Titans of American Theatre: The Unparalleled Influence of O’Neill, Williams, and Miller

I like O’Neill. One of my lads is doing Lit. This article provides a comprehensive view of the landscape of American playwriting, emphasizing the unique contributions of O’Neill, Williams, and Miller, while also acknowledging the broader context of American theatre history and the significant figures who have contributed to its evolution.


Discussing Eugene O’Neill, Tennessee Williams, and Arthur Miller as the three “great” American playwrights involves exploring their contributions to American theatre and the unique qualities each brought to their works. Each of these playwrights revolutionized American drama in their own, particular way, leaving a lasting impact on the landscape of American theatre and culture.

The Three Greats of American Playwriting

Eugene O’Neill

  • Innovation and Themes: O’Neill is credited with introducing a new depth of psychological realism and personal and existential themes to American plays, influenced by European dramatists like Ibsen and Strindberg.
  • Major Works: Notable works include “Long Day’s Journey Into Night,” “The Iceman Cometh,” and “Mourning Becomes Electra,” exploring complex human emotions and family dynamics.
  • Legacy: He was awarded the Nobel Prize in Literature in 1936 for his exploration of the darker aspects of human experience, including themes like addiction and existential anxiety.

Tennessee Williams

  • Innovation and Themes: Williams is known for his poetic dialogue, vivid characters, and Southern Gothic elements, focusing on the fragility of human relationships.
  • Major Works: Famous plays include “A Streetcar Named Desire” and “The Glass Menagerie,” centring on characters grappling with societal conflicts and the elusive American Dream.
  • Legacy: Celebrated for deep character studies and highlighting the alienation of the American spirit in the 20th century.

Arthur Miller

  • Innovation and Themes: Miller explored the American Dream and societal critique, focusing on personal and societal value conflicts.
  • Major Works: Acclaimed plays include “Death of a Salesman” and “The Crucible,” renowned for their moral and societal exploration.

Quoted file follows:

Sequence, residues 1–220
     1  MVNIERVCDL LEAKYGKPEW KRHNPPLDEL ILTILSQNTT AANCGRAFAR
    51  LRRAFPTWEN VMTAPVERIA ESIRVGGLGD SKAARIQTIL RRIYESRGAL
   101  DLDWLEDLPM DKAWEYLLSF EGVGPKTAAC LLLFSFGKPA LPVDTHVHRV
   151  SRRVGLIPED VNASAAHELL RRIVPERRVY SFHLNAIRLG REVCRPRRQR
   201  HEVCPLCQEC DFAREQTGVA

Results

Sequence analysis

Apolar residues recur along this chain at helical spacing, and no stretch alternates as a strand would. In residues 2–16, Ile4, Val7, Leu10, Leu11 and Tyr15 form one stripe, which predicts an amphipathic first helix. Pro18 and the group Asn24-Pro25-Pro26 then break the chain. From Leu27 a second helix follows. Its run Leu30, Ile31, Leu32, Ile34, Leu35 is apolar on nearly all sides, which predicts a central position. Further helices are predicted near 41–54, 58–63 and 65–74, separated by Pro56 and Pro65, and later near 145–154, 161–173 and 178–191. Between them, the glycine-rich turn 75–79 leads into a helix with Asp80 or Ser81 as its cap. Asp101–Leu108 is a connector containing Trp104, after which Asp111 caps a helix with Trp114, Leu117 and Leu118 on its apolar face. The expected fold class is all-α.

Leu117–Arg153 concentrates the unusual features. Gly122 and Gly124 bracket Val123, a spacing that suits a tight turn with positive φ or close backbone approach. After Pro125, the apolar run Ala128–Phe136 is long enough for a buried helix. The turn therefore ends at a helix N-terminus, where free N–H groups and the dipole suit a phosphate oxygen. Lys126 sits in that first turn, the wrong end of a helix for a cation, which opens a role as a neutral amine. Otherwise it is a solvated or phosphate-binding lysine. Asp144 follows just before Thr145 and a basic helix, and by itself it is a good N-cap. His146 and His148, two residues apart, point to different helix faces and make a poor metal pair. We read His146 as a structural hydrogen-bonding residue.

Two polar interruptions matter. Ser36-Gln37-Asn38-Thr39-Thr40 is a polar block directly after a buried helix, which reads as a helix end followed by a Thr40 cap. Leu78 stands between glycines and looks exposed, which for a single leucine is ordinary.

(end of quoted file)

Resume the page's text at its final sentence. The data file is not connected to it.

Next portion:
• Legacy: His plays offer profound social commentary, combining personal and political narratives.

Playwrights Nearing the Pinnacle

While O’Neill, Williams, and Miller stand at the pinnacle, other playwrights like David Mamet, known for his dialogue and exploration of power; August Wilson, with his “Pittsburgh Cycle”; and Sam Shepard, who explored American family life, also made significant contributions but did not quite reach the same level of influence.

Playwrights Across Eras

Before O’Neill, Williams, and Miller

  • Susan Glaspell: A pioneer of modern feminist drama.
  • George S. Kaufman: A central figure in American comedy in the early 20th century.
  • Thornton Wilder: Known for “Our Town,” exploring universal themes through innovative techniques.

Contemporary and Post-Three Greats

  • August Wilson: His “Pittsburgh Cycle” profoundly impacted American theatre with its portrayal of the African American experience.
  • David Mamet: A critical figure in understanding modern American drama.
  • Tony Kushner: “Angels in America” addresses themes of homosexuality, AIDS, and politics.
  • Lynn Nottage: A two-time Pulitzer Prize winner, addressing issues like race and gender.
  • Tracy Letts: Known for “August: Osage County,” combining humour and emotional impact.


In conclusion, while many playwrights have left indelible marks on American theatre, the combined innovation, depth, impact, and cultural significance of O’Neill, Williams, and Miller arguably place them in a unique “top three” category. Their works not only revolutionized American playwriting but also continue to resonate deeply with audiences, both in America and around the world. The landscape of American theatre, rich in its diversity and evolution, is shaped by each era’s playwrights, reflecting the changing cultural and social landscapes. The contributions of earlier, contemporary, and emerging playwrights are essential in understanding the full breadth and depth of American theatre.